A few words about my love affair with the pull buoy.  Not too long after I started swimming, Mark introduced me to the miraculous device known as the pull buoy.  Its a big piece of foam that you wedge between your legs while swimming and, viola! you can swim faster and easier.  This device seemed like genius to me and while I knew, of course, that I couldn’t use something like that in the race, it sure didn’t stop me from using it when I was swimming.  Like all the time.  As in, I really couldn’t swim without it very well.  Once you become reliant on some type of swim aid like fins or a pull buoy, rather than helping you learn to swim better (like you try to tell yourself), the device actually hurts you and impedes your progress because you are not really learning to swim better.  You are just floating around in the water pretending to swim better.  So that’s what I did in the fall 0f 2010.  I got in the water a fair amount, but it was almost always with a pull buoy.  Or fins.

Around this time, my friend Kelly hooked me up with Cameron Widoff up in Boulder to give me a few swim lessons.  Cameron is a former pro, and before that, he was a really good swimmer, so he seemed like a good person to get some tips from.  Kelly was renting a house in Boulder that had an Endless Pool in the backyard, so Cam would come over and film each of us in the Endless Pool, and then we would watch the videos and chat with him.  We did a lot of chatting, more than swimming.  But it was pretty fun and it seemed productive, so I kept it up.  Cameron told me I was swimming with one arm basically, because my left arm was pulling so far to the side, so much of our work focused on me trying to get that arm to pull straight back and then pull right down my mid-line.  He gave me some drills and with a little form work, I improved to about a 2:00/100 time, but my times from last fall are a little unreliable because I didn’t always indicate if they were with the pull buoy or not (but they probably were).  Nonetheless, I was improving.  A little.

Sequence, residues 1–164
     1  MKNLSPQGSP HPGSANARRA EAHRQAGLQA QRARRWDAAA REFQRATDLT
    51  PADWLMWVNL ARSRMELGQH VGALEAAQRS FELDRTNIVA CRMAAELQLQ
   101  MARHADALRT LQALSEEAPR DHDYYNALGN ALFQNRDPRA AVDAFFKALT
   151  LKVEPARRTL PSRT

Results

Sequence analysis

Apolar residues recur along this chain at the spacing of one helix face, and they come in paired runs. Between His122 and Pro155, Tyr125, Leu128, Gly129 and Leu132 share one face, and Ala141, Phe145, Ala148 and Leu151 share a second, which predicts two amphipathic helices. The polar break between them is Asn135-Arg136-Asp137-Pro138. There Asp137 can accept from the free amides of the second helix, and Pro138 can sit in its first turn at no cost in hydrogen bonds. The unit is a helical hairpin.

I also remember swimming 4000 leading up to Cozumel.  It was Mark’s idea, and I think he suggested that I do it at least twice.  So I did, but most of it was with pull buoy.

Back to the race.  Kree and I practiced swimming the course, and the water was really great, about as great as open water can be.  Very calm, smooth, warm and tons of pretty fish to look at.  The only issue is that there were tiny jellyfish that would sting you as you were swimming.  The stings were quick and the pain didn’t last long, but it was a little jarring to get stung while you were swimming.  It seemed like a small price to pay for the calm, warm water though.